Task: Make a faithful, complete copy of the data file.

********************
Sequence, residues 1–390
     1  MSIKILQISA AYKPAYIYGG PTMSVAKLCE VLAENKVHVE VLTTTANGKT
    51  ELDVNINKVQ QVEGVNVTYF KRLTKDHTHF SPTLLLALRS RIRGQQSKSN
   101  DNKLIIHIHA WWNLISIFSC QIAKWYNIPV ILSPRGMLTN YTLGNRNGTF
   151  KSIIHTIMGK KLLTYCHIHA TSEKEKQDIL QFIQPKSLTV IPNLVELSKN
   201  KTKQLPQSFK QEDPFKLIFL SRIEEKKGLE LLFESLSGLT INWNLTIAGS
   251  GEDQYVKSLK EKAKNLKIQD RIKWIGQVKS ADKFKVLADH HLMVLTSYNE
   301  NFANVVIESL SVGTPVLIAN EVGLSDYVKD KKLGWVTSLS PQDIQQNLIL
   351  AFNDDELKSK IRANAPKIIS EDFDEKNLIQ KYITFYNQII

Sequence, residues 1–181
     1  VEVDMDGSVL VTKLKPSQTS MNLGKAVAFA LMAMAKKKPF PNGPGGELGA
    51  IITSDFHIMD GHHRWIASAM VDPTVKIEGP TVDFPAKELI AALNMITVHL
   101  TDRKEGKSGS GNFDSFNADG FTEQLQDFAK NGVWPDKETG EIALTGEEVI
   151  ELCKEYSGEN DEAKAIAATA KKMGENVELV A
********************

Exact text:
Sequence, residues 1–390
     1  MSIKILQISA AYKPAYIYGG PTMSVAKLCE VLAENKVHVE VLTTTANGKT
    51  ELDVNINKVQ QVEGVNVTYF KRLTKDHTHF SPTLLLALRS RIRGQQSKSN
   101  DNKLIIHIHA WWNLISIFSC QIAKWYNIPV ILSPRGMLTN YTLGNRNGTF
   151  KSIIHTIMGK KLLTYCHIHA TSEKEKQDIL QFIQPKSLTV IPNLVELSKN
   201  KTKQLPQSFK QEDPFKLIFL SRIEEKKGLE LLFESLSGLT INWNLTIAGS
   251  GEDQYVKSLK EKAKNLKIQD RIKWIGQVKS ADKFKVLADH HLMVLTSYNE
   301  NFANVVIESL SVGTPVLIAN EVGLSDYVKD KKLGWVTSLS PQDIQQNLIL
   351  AFNDDELKSK IRANAPKIIS EDFDEKNLIQ KYITFYNQII

Sequence, residues 1–181
     1  VEVDMDGSVL VTKLKPSQTS MNLGKAVAFA LMAMAKKKPF PNGPGGELGA
    51  IITSDFHIMD GHHRWIASAM VDPTVKIEGP TVDFPAKELI AALNMITVHL
   101  TDRKEGKSGS GNFDSFNADG FTEQLQDFAK NGVWPDKETG EIALTGEEVI
   151  ELCKEYSGEN DEAKAIAATA KKMGENVELV A